Applied Microbiology and Biotechnology

, Volume 81, Issue 2, pp 225–233 | Cite as

Microencapsulated bile salt hydrolase producing Lactobacillus reuteri for oral targeted delivery in the gastrointestinal tract

  • Christopher Martoni
  • Jasmine Bhathena
  • Aleksandra Malgorzata Urbanska
  • Satya Prakash
Biotechnological Products and Process Engineering


This is the first study of its kind to screen probiotic lactic acid bacteria for the purpose of microencapsulating a highly bile salt hydrolase (BSH)-active strain. A Lactobacillus reuteri strain and a Bifidobacterium longum strain were isolated as the highest BSH producers among the candidates. Microcapsules were prepared with a diameter of 619 ± 31 μm and a cell load of 5 × 109 cfu/ml. Post de Man, Rogosa, and Sharpe broth-acid challenge, L. reuteri microcapsules metabolized glyco- and tauro-conjugated bile salts at rates of 10.16 ± 0.46 and 1.85 ± 0.33 μmol/g microcapsule per hour, respectively, over the first 2 h. Microencapsulated B. longum had minimal BSH activity and were significantly (P < 0.05) more susceptible to acid challenge. Further testing of L. reuteri microcapsules in a simulated human gastrointestinal (GI) model showed an improved rate, with 49.4 ± 6.21% of glyco-conjugates depleted after 60 min and complete deconjugation after 4 h. Microcapsules protected the encased cells in the simulated stomach maintaining L. reuteri viability above 109, 108, and 106 cfu/ml after 2 h at pH 3.0, 2.5, and 2.0, respectively. Results show excellent potential for this highly BSH-active microencapsulation system in vitro, highlighted by improved viability and substrate utilization in simulated GI transit.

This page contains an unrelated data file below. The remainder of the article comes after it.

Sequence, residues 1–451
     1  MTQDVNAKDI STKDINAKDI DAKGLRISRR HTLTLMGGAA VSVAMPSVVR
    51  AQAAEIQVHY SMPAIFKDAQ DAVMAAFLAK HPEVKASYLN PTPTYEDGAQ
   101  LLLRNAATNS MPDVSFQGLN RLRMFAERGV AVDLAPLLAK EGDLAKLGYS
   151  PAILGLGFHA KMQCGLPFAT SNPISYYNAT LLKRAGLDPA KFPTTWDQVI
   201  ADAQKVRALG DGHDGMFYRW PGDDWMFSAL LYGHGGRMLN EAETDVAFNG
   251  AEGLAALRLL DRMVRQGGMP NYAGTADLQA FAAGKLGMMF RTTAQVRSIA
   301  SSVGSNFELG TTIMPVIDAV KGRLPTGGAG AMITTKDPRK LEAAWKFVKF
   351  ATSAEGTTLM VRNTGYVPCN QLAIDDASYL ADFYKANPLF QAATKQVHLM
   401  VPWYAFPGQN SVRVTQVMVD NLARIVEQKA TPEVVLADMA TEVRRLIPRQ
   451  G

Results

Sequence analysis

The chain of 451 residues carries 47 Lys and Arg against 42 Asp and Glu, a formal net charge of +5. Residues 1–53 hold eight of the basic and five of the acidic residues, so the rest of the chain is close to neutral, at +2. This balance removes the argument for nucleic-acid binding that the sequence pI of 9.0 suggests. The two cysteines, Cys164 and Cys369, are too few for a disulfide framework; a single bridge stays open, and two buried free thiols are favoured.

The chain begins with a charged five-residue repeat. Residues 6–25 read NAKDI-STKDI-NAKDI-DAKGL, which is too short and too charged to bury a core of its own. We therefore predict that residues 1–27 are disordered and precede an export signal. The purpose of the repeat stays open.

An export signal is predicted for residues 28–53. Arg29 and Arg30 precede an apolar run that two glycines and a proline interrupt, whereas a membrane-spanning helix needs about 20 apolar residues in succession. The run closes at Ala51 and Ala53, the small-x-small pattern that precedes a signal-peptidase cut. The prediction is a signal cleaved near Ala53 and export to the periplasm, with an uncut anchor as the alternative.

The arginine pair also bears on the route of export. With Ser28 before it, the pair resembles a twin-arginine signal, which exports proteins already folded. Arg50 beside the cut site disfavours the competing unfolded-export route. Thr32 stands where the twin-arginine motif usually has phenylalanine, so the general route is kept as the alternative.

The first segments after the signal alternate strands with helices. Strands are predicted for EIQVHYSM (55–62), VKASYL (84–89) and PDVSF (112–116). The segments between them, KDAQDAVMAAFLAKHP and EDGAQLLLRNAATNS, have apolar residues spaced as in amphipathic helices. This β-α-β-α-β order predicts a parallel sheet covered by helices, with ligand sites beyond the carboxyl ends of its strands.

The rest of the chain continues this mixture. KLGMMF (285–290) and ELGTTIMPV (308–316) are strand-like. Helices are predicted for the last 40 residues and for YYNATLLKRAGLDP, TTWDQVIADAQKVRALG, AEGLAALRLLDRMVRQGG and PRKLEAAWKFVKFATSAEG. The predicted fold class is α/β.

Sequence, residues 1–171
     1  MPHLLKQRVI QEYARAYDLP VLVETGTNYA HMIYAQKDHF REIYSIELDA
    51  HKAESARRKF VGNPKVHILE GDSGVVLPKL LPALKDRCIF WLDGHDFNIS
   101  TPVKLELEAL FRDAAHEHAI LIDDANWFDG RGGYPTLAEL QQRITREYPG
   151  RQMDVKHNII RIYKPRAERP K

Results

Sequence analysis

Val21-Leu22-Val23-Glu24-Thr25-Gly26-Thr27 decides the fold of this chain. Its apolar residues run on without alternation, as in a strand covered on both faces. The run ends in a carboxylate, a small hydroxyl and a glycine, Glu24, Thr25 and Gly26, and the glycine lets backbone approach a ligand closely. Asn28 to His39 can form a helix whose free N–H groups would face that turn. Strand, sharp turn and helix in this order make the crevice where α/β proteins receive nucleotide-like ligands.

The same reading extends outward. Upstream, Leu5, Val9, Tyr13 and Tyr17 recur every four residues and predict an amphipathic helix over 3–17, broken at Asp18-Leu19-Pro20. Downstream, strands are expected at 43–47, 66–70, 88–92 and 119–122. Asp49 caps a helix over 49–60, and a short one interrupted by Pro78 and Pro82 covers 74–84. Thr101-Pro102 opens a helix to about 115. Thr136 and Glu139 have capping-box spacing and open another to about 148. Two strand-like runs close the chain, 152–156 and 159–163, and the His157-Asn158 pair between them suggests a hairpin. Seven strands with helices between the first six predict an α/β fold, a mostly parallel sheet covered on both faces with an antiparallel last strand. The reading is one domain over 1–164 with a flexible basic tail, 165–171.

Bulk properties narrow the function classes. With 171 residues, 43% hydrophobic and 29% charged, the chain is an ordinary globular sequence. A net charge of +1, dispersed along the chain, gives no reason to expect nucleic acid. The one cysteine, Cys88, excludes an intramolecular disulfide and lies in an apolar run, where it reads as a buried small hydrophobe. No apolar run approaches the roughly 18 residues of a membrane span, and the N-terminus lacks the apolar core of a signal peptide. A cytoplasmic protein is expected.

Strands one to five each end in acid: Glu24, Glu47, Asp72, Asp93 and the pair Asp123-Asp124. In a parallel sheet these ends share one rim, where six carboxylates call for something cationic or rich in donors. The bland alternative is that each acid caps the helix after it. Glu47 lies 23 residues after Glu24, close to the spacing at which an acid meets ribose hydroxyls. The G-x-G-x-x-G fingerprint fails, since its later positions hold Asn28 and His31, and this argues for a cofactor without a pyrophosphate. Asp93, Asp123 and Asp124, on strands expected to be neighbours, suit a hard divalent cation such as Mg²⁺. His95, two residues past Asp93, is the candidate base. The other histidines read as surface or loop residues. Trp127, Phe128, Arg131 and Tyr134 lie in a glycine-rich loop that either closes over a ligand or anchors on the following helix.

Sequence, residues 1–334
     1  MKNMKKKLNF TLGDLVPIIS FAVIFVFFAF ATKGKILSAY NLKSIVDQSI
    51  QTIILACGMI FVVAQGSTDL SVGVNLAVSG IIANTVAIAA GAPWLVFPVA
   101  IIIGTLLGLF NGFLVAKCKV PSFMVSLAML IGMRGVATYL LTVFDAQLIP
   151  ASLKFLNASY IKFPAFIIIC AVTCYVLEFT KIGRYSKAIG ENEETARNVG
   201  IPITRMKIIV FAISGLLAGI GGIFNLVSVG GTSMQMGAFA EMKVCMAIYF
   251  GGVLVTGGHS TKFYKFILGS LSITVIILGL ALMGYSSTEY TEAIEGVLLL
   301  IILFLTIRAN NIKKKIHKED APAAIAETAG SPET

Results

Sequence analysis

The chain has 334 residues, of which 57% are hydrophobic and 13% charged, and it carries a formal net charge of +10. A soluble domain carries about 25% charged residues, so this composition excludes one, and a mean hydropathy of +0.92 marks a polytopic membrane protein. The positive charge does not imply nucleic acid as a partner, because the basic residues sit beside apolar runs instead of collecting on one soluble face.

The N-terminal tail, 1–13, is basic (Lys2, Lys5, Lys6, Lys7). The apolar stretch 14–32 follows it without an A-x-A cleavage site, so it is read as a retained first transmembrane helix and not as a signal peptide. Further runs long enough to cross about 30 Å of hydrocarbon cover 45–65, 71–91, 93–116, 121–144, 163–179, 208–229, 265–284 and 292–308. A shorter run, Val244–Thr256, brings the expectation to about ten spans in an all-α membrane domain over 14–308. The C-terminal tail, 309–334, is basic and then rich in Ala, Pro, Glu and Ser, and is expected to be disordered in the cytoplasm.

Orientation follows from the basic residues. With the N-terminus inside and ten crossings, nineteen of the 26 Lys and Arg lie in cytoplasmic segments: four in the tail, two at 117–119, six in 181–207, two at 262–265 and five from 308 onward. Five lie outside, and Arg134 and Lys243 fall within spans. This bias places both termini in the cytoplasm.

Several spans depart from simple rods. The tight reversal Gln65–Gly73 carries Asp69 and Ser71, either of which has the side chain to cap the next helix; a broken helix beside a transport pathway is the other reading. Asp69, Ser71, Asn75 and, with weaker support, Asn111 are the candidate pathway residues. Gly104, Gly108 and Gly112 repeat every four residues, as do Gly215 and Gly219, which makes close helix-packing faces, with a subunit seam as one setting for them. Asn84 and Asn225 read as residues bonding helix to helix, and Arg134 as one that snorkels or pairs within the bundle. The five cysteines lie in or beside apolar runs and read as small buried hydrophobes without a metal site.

Microcapsule Probiotic bacteria L. reuteri Bile salt hydrolase Oral delivery Gastrointestinal tract 



This work was supported by research grants from Micropharma Limited (Montreal, Quebec) and the Canadian Institutes of Health Research (CIHR). C.M. gratefully acknowledges a Canada Graduate Scholarship from the Natural Sciences and Engineering Research Council of Canada (NSERC). J.B. gratefully acknowledges Postgraduate Scholarships from CIHR and the Canadian Liver Foundation (CLF). A.M.U. gratefully acknowledges a Postgraduate Scholarship from NSERC.


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Copyright information

© Springer-Verlag 2008

Authors and Affiliations

  • Christopher Martoni
    • 1
  • Jasmine Bhathena
    • 1
  • Aleksandra Malgorzata Urbanska
    • 1
  • Satya Prakash
    • 1
  1. 1.Biomedical Technology and Cell Therapy Research Laboratory, Departments of Biomedical Engineering and Physiology, Artificial Cells and Organs Research Center, Faculty of MedicineMcGill UniversityMontrealCanada

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